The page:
Asked if he was a big fan of the scribe, Firth told United Press International in New York recently: "Yes. ... We grow up with it, really."
"I had done a Noel Coward film before," the 48-year-old actor added. "It didn't really get out there very much. It was a film of 'Relative Values.'"
Firth pointed out that 2000 movie, much like the upcoming "Easy Virtue," was about "an aristocratic family where the son brings home an American girl and the mother doesn't approve."
"I didn't play quite the same kind of guy," the film star said, comparing his "Virtue" and "Values" characters.
"I was the gay sidekick making the kind of acidic remarks," Firth said of his part in the earlier "Values." In "Virtue," a comedy co-starring Ben Barnes and Jessica Biel due in U.S. theaters Friday, Firth portrays a reserved World War I veteran who is trapped in an unhappy marriage and who is more accepting than his stoic wife is of his son's new bride.
"Coward, I think, it's quite sobering to remember how serious and emotional and intense some of his material was, as well," the actor noted. "Things like 'Brief Encounter,' I think, in British cinema, is one of the masterpieces of unspoken passion. You've got all this politeness ... Whenever 'Brief Encounter' was made, in the 1950s, this idea of politeness and drinking tea at a railway station with Rachmaninoff playing as the score and these huge tides of emotion underneath, I think, are quite compelling. I think Noel Coward brilliantly specializes in that sort of thing. It's an amazing place to look for undercurrents."
That said, Firth emphasized his contemporary countrymen aren't typically stuffy aristocrats, despite the perception he has helped perpetuate through some of his most famous screen roles.
"Actually, I don't think (English people) are very uptight at all. They're just not. It's a fantasy," said the star of TV's "Pride and Prejudice," and the movies "Bridget Jones's Diary," "Love Actually," "What A Girl Wants" and "Mamma Mia!"
"Mick Jagger. Johnny Rotten. Everyone keeps going back to the guy with the bowler hat and the pinstripes and the people I've played. They're not very common in England, really," Firth insisted. "I think we can mess with these stereotypes all we like, but no one ever says, 'John Lennon, typical English guy.' Why not? That's who we all grow up wanting to be. Having said that, I've probably done more to sell that other stereotype than anybody, but I don't think it's very real."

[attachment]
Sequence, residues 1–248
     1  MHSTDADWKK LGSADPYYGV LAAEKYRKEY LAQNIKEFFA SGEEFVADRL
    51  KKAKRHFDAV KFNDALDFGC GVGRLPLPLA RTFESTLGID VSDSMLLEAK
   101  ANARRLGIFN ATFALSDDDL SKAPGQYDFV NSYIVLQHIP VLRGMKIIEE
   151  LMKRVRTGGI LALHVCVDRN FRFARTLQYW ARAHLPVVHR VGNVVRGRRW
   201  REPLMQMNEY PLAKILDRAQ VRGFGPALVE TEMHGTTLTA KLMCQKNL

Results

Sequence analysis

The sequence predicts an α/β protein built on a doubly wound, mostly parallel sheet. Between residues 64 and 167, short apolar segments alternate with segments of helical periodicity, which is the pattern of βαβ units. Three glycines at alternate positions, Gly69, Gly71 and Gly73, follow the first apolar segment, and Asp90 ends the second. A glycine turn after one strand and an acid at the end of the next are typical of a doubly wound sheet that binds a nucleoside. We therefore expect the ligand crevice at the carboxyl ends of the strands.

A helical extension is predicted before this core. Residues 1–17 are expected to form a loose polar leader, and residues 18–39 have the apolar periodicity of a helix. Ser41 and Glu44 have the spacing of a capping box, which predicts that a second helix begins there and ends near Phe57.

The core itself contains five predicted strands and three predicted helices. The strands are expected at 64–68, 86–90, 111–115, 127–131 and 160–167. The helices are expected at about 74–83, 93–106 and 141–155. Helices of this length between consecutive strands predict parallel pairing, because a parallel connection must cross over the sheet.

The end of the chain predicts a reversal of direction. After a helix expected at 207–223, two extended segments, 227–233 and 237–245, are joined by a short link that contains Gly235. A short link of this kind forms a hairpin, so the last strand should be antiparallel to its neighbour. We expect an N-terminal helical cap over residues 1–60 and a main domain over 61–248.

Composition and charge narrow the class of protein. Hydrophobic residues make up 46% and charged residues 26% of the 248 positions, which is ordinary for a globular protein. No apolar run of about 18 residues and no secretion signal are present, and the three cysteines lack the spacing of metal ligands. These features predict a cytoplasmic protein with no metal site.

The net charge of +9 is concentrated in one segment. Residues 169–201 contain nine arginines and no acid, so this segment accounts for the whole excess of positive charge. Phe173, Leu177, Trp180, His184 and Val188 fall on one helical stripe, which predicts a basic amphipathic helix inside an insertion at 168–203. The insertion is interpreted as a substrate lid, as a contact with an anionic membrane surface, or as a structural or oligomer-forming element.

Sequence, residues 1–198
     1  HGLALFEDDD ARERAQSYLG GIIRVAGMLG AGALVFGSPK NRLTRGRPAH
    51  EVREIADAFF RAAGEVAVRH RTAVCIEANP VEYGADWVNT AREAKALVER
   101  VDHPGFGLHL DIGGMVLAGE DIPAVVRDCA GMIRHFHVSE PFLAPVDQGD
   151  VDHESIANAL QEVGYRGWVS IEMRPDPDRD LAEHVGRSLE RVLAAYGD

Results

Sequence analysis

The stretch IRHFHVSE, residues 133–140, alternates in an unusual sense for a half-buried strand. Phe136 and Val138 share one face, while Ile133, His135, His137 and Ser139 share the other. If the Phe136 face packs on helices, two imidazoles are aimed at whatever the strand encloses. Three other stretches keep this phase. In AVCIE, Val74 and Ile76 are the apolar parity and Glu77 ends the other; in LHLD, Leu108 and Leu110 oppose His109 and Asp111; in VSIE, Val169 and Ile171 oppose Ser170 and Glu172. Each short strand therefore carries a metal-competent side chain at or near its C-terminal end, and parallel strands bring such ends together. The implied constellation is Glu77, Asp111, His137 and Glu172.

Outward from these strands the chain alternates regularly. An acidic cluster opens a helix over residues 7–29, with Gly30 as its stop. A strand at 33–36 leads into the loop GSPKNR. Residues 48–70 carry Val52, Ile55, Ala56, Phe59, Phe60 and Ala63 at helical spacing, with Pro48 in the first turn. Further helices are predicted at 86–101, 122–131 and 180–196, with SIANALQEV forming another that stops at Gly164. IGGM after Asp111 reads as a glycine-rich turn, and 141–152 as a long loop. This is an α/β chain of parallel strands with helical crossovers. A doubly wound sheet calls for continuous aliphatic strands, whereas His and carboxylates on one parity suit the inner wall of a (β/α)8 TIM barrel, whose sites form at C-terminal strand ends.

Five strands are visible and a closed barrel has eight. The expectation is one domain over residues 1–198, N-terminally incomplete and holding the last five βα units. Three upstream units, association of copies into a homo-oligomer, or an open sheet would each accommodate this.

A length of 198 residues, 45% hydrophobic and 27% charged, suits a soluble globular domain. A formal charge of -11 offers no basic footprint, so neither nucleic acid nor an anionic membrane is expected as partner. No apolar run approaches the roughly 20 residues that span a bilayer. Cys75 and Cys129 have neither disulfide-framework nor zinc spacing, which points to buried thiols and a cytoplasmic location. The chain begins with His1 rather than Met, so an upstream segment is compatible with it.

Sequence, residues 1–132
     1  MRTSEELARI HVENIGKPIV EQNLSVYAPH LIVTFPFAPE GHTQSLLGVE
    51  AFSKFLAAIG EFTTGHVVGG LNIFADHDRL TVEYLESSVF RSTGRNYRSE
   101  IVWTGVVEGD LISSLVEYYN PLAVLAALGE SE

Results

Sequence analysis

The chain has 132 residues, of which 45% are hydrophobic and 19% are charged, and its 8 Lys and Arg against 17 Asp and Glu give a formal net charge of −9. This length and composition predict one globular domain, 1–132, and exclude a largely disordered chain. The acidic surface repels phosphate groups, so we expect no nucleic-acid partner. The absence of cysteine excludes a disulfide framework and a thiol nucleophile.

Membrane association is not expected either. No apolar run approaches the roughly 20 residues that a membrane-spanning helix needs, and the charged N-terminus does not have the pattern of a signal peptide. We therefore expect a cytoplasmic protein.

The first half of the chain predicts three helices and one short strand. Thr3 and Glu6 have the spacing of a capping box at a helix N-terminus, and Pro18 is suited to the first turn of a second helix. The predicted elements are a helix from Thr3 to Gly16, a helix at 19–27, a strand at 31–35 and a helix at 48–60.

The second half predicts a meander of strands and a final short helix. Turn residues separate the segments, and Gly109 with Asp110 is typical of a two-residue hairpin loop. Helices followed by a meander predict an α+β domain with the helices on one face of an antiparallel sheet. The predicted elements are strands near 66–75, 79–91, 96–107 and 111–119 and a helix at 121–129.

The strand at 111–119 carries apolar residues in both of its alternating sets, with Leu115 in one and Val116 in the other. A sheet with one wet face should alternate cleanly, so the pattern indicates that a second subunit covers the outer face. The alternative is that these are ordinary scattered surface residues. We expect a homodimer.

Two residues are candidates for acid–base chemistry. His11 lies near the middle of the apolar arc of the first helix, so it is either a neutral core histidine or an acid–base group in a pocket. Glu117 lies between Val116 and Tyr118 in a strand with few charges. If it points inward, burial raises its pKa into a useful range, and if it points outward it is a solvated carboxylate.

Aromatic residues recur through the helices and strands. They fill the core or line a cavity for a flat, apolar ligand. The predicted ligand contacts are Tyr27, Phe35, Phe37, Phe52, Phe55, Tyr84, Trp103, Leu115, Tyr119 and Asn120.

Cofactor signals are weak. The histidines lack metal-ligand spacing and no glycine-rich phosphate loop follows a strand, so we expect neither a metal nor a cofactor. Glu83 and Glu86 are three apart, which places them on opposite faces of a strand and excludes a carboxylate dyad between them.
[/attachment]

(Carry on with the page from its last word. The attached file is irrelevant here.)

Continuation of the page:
"Virtue" director Stephan Elliott said Firth and his co-star Kristin Scott Thomas hesitated at first about taking the roles of man and wife he offered them.
"Kristin and Colin both said to me they've done this film and I said, 'You haven't,'" Elliott said.
"We rolled Mr. Darcy in the mud," he boasted, referring to Firth's "Pride and Prejudice" romantic hero. "We fattened him up. We put facial hair on him. We let him dress like a slob and he doesn't speak during the film. He's got one big war speech and about five lines. ... (Firth) actually found it very difficult and we were jumping up and down on Mr. Darcy; we were killing him and in that instance he had never done that before.
"And both of them -- he and Kristin -- had never played 50 before and that's big for an actor. You think about how difficult that was to actually be the father and the mother of two grown-up kids ... That was big for both of them, to take that jump, of saying they're ready for the next level of their lives.
"And Kristin hated it. She's gorgeous and she turned up, we put a crappy wig on her and old-lady makeup and a terrible cardigan and she was almost in tears and that worked for me. She wasn't happy and I said, 'Then, we're going to use that.'"